I wholly understand that managing a club is difficult business, especially when that club is dedicated to offering live music on a regular basis, but it is evident that smaller venues such as the Blue Moon, 307, Renaissance and CaffÃ© Cottage ' though no doubt have had their share of losing nights with live entertainment ' have been able to consistently attract large crowds and touring entertainers to their clubs in the past few years while Grant Street has been, by all obvious indicators, asleep.
From an audience member's point of view, Grant Street has rarely offered enough bookings to attract patrons in the last few years ' often leaving a bad taste in mouths of those angered by high admission and drink prices ' and it seems that the club's recent failure can be blamed more on the decisions of its management rather than the "decline of the music industry."
It seems to me that Don Kight, who as a reward for his inability to successfully manage the club has despicably removed what I understand to be some of the most treasured aspects of the venue's history (the drywall autographs), needs to simply concede defeat and allow another group to try its ideas on the dancehall.
I wish the best of luck to the new owners, and to Kight as well in his new endeavors. But overall I'm inclined to agree with C.C. Adcock when he said, "I think it's a bit selfish to think that it's all over there and that any one person would be the end of that place."
Business organizations opposed the proposal, saying it would lead to job losses and higher prices for goods and services.
An attempt to repeal a six-year-old law that permits public school science teachers to use material outside a classroom's adopted textbook has been rejected by the Senate Education Committee.
New York Times poll shows Obama, Jindal have identical approval and disapproval ratings in the state.
OK, so they’re bentgrass, the type used on golf course greens. But grass is grass.
The Senate Finance Committee approved the bill Wednesday, despite opponents who argued it would shut down the storefront lenders.
A measure to allow the state to implement its own, less stringent plan for limiting carbon dioxide emissions unanimously passed the Senate.
FDA to regulate e-cigarettes, Jodie Foster gets married, Vermont to require labels on genetically-modified food, and more news for today, April 24, 2014.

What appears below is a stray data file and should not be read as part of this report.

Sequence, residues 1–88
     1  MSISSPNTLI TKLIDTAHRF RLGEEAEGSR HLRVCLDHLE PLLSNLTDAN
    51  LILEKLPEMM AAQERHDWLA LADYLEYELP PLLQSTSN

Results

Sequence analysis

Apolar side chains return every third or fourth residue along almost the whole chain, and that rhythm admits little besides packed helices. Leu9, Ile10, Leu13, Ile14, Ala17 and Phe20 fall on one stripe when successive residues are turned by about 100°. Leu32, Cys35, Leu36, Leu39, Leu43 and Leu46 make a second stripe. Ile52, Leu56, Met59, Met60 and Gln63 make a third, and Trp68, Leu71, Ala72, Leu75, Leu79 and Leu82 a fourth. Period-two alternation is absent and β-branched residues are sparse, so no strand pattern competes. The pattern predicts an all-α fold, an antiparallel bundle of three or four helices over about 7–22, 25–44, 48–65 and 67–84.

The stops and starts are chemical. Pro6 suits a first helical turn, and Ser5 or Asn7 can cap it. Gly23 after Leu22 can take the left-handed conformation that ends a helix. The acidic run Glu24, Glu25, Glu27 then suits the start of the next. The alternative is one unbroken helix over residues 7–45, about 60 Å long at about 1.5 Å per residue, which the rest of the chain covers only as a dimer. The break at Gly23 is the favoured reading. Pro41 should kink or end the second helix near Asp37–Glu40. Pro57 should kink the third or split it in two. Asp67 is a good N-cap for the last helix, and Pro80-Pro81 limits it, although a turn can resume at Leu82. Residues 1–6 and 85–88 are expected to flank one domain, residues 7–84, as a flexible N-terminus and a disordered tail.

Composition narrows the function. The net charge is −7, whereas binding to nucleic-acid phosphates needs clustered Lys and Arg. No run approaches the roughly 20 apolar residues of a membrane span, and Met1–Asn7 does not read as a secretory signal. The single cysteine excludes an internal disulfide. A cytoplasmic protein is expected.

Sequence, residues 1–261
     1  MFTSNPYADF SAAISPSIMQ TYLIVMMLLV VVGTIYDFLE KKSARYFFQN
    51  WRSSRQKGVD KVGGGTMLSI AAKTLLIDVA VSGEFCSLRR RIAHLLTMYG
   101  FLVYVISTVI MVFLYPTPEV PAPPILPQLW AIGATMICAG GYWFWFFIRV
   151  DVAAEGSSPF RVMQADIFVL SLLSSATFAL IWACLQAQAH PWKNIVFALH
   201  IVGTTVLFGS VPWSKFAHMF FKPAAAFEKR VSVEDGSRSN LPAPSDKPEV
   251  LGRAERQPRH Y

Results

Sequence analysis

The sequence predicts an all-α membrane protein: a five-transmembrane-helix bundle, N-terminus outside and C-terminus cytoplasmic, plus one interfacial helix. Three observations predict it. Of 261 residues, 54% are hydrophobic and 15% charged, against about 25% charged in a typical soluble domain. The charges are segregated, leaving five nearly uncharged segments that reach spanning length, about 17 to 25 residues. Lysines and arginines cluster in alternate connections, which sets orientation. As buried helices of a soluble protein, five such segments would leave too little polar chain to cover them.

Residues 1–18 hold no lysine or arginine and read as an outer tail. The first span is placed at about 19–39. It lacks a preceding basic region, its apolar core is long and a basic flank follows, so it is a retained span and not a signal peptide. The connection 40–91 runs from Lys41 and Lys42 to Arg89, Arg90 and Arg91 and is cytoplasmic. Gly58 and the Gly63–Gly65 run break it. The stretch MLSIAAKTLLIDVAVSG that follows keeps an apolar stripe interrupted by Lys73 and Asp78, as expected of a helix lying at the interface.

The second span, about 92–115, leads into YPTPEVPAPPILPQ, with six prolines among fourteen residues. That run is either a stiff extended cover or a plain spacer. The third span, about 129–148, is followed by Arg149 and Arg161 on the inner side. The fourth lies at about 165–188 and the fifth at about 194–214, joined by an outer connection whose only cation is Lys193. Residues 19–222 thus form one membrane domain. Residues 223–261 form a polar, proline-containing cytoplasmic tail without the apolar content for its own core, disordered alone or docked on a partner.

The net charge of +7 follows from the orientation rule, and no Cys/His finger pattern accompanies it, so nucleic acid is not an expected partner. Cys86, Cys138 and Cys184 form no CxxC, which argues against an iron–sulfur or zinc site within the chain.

Thursday's Blogs from the Bog!
A push to expand Louisiana's Medicaid program as allowed under the federal health care has been overwhelmingly rejected by the Senate health committee.
Louisiana welfare recipients would be prohibited in state law from spending the federal assistance at lingerie shops, tattoo parlors, nail salons and jewelry stores, under a bill that received the support Wednesday of a House committee.
Senators will consider whether to prohibit private businesses in Louisiana from paying unequal wages to employees of different genders for the same job.
Rep. Joel Robideaux has delayed bill hearings and said unless a compromise can be reached, he won't bring up the legislation this session.
Once again, Lafayette Parish School Board President Hunter Beasley is focused on an issue that has nothing to do with the educational well-being of our public school children.
After exhausting his appeals all the way to the state Supreme Court, the owner of the Tiger Truck Stop in Grosse Tete has no legal remedy left save one: do an end run around the high court via a bill that would grandfather his “right” to keep a 550-pound tiger enclosed in a pin at his roadside business.
Louisiana poet Darrell Bourque has won the 2014 Louisiana Writer Award, given annually to recognize outstanding contributions to Louisiana's literary and intellectual life.
Drivers would have to secure dogs riding in truck beds while on interstate highways, if the Senate agrees to a bill backed by the House.
An effort to prohibit employers from discriminating based on sexual orientation or gender identity was shelved Tuesday for the legislative session.
Louisiana won't lessen its penalties for marijuana possession, keeping laws on the books that allow people to be jailed up to 20 years for repeat offenses of having the drug in hand.
“This is one of the oldest divides that exists, and that divide is about the haves and the have-nots.”
It took a few weeks for the pitfalls to emerge in the governor’s $25 billion budget, but the time of judgment has finally arrived.
With pressure continuing to build for him to resign, Congressman Vance McAllister announced plans recently to remain secluded during the Easter break, but the Swartz Republican has said he’ll be back on the Hill casting votes and attending committee meetings when the congressional recess ends April 28.
A bid to limit the use of unmanned aircraft on private property in Louisiana stalled Monday in the Louisiana Senate.
A Shreveport lawmaker said Monday he's scrapping his proposal to name the Bible as Louisiana's official state book.
Attorney hopes fellow lawyers will join him in urging the D.A. to step aside and allow a competent, ethical challenger to take over the scandal-ridden office.
An official with the Louisiana Department of Education was arrested on a range of charges Friday after allegedly breaking into a home and brandishing a knife.